Paul “Haskell” Motheral ’52 had finally settled into the jostling tour bus with the rest of the Aggieland Orchestra in the year 1950 when their journey suddenly came to a halt in Beaumont, Texas. After a little investigation, they concluded that the bus couldn’t finish the trip to Uvalde in time for their show that night. A broken bus, however, didn’t keep these eager musicians from making their next performance. Finding alternate transportation, they arrived in Uvalde just before they took the stage at the local Aggie Christmas Dance. One talented member, Motheral recalled, even wrote an ensemble about the ordeal titled “Beaumont Breakdown” and had it ready for the band to perform at the show.
As he remembered his days as a student at Texas A&M, Motheral mentioned many memories that described the “great fun” he had touring across Texas with the Aggieland Orchestra and playing jazz in front of dance halls full of Aggie former students. Also, as a member of Texas A&M’s marching band in the fall semesters and concert band in the spring, Motheral noted, “If I wasn’t in class, studying or on the occasional date, I was playing music.”
When he and his wife Elizabeth were approached with the plan for the Music Activities Center as a place to enhance music education at Texas A&M, the couple leaped at the idea. “We were enamored with the idea of increasing the focus on extracurricular music activities for students,” Motheral said.
The campaign for the new building began in 2015 with Texas A&M agreeing to split the center’s $40 million price tag with the Texas A&M Foundation. To kick off the Foundation’s $20 million fundraising campaign, the Motherals donated the deed to their home, a villa spanning a Lake Travis peninsula with more than 1,500 feet of waterfront property. “We named the villa Monrovia after my mother because she was my artistic influence,” Motheral said. “She was a rare college graduate for the time she grew up in, as well as a classically trained opera singer.” Knowing how much she loved music, the Motherals chose to dedicate the new Aggie Band rehearsal hall in loving memory of Paul’s mother, Monrovia.
Motheral learned from his father that nothing you start matters unless you finish, so the couple pledged $250,000 in 2018 to complete the campaign’s original goal. With their latest gift, the couple chose to name the new concert band hall after Dr. Timothy Rhea, who is serving his 25th year as director of bands for Texas A&M.
“We know the new music facility will give students the opportunity to expand their art with more comfort and ease,” Motheral said. “The entire Aggie Band will be able to practice together for the first time in many years and have places to store their instruments instead of keeping them in their dorms. Overall, this will allow students’ love of music to flourish.”
Finding His Beat
Born in 1931, Motheral grew up during the Great Depression. “We didn’t have everything,” he said, “but my parents always encouraged me in music and somehow found a way to afford a clarinet and a saxophone and some lessons for me.”
Faced with choosing between music and football upon entering high school, Motheral’s band director persuaded him to choose the former with talk of moving up to the All-State Band as early as his sophomore year.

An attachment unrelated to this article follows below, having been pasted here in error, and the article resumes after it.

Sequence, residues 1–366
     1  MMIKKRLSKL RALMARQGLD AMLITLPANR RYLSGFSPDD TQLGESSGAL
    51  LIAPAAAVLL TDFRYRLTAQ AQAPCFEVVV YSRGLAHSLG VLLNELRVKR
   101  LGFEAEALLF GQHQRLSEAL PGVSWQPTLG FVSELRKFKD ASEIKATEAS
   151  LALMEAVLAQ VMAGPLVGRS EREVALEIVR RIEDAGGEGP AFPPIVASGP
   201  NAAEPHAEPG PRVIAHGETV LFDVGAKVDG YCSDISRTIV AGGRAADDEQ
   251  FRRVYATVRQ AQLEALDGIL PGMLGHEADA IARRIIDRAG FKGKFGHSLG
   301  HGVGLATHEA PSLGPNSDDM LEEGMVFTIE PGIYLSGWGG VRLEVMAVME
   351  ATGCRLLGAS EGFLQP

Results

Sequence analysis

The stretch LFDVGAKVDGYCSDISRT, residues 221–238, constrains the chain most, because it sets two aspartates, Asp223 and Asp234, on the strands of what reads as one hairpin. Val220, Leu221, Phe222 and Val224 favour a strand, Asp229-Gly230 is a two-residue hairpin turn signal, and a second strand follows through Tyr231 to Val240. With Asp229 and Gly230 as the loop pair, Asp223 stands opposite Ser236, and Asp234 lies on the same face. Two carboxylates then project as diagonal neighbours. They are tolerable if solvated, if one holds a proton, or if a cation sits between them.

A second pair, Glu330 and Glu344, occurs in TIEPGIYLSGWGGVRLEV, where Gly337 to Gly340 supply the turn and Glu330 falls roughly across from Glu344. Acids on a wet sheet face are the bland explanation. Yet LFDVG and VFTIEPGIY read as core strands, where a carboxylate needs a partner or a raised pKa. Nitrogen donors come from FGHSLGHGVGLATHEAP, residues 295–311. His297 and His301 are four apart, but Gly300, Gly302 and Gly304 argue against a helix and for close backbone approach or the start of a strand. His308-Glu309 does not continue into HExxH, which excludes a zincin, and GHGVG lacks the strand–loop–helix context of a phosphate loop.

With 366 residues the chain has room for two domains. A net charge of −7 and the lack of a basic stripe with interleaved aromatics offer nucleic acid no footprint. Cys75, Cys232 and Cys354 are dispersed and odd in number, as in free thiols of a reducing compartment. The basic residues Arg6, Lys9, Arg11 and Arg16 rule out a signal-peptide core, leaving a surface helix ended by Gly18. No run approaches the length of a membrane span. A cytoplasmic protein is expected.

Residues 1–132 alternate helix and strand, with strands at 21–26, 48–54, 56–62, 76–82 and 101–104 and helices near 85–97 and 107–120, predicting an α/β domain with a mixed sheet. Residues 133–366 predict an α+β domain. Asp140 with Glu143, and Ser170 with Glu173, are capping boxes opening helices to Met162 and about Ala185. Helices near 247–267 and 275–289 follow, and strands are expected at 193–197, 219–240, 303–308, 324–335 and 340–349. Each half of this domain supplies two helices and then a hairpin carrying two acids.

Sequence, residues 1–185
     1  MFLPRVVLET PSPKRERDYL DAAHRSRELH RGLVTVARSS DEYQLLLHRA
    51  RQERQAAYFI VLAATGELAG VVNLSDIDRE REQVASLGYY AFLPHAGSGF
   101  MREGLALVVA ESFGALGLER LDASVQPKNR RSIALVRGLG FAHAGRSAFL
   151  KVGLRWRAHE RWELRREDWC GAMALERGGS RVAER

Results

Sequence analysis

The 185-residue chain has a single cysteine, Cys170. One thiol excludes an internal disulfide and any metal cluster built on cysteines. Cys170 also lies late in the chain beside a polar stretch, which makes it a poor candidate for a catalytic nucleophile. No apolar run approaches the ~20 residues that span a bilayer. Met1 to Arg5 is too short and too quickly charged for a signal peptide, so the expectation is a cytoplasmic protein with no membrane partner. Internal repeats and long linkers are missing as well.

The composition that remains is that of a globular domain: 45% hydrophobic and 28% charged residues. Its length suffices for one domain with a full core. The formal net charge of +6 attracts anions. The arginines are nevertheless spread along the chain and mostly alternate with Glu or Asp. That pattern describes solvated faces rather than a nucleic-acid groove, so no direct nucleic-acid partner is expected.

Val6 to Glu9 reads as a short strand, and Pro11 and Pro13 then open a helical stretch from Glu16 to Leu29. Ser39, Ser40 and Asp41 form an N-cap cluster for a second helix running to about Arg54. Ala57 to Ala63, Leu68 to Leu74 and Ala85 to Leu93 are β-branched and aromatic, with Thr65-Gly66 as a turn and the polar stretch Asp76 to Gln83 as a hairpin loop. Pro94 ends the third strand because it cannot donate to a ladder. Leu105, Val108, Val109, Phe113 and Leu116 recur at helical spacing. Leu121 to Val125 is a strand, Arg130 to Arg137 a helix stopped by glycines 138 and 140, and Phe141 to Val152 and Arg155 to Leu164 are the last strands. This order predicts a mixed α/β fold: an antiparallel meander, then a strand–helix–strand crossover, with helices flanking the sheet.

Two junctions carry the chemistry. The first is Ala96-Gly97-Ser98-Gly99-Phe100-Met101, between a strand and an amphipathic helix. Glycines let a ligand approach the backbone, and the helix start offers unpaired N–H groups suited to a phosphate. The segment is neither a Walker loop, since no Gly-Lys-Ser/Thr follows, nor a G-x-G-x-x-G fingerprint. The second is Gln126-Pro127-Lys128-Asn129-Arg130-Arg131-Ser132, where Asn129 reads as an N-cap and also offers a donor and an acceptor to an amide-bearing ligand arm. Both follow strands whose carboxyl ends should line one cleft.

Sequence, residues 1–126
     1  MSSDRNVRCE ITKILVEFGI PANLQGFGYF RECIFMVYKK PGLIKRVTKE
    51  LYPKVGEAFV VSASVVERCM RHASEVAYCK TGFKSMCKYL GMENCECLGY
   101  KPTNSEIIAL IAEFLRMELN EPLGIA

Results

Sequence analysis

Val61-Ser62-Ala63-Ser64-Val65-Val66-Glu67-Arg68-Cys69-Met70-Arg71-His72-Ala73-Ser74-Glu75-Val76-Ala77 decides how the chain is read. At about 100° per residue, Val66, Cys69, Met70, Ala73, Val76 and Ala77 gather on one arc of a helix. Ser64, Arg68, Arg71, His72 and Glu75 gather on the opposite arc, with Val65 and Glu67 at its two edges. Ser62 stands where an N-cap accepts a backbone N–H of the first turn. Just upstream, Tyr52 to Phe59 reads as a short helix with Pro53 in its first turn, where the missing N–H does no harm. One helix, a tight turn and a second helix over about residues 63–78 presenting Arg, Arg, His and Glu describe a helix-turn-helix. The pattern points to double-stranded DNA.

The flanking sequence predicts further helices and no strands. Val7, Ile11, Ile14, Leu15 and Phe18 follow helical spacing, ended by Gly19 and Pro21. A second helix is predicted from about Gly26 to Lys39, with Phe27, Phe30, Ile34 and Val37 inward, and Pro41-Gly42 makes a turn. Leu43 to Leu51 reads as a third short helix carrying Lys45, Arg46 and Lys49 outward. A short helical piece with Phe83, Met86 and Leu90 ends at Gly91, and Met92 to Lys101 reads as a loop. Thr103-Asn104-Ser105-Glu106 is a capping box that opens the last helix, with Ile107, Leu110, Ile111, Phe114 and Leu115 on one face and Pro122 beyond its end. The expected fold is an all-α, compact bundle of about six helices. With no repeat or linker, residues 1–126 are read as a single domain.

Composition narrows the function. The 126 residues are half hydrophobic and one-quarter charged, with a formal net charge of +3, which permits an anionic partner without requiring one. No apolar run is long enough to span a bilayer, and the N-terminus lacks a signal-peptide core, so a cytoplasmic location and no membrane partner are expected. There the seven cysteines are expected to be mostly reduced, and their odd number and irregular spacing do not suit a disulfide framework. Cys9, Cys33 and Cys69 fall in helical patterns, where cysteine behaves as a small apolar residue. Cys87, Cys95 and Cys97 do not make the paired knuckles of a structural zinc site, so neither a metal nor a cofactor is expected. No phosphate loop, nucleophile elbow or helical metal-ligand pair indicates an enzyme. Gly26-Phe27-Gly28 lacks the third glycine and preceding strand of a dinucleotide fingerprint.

Motheral proved his director right by indeed advancing to the All-State Band, where he experienced his first taste of live jazz. “As soon as I heard some good jazz, I was hooked,” he said. Motheral even started his high school’s first swing band.
High school graduation brought Motheral to another crossroads as he tried to decide between pursuing music at the University of Colorado or a degree in engineering at Texas A&M. With the extracurriculars, however, Motheral found the best of both worlds as an Aggie.
The summer following his first year at Texas A&M, Motheral studied music at the University of Colorado, where he had the opportunity to tour with the likes of the Tex Beneke/Glenn Miller Orchestra and the Claude Thornhill Big Band. But as the Korean War approached, Motheral felt inclined to return to the Corps of Cadets and finish his degree at Texas A&M.
After serving in the war, Motheral worked in construction in South Texas and performed with the Dick Hurlbert Band until the early 1960s, when the rise of rock ’n roll led him to retire from the music scene. The Austin Jazz Society recognized Motheral for his musical accomplishments and honored him in its hall of fame in 2017. Motheral and his wife support the art of music however they can, and he continues to play for his own enjoyment.
Similar to how he thrived in music, Motheral excelled in his career as a civil engineer, starting 14 companies over many decades focused on construction and quarrying. He transferred his artistic skills acquired from playing music to the art of construction as he participated in building highways, bridges, dams and airports.
“I owe a good part of my success to music,” he said. “My major required me to use my left brain most of the time, but music let me tap into my right brain creativity and helped me avoid approaching problems with tunnel vision.”
To further emphasize the importance of balance between science and the arts, the Motherals established several scholarships in 2001 for engineering majors who participate in a musical or performing arts organization on campus.
Recognizing how music impacted his life, from creativity in his career to memories with his bandmates, Motheral hopes to create space for music to transform others as well. “When you have a beautiful gift as special as this, you need room for it to grow,” he said. “We are truly blessed to have the opportunity to give students the space to do just this.”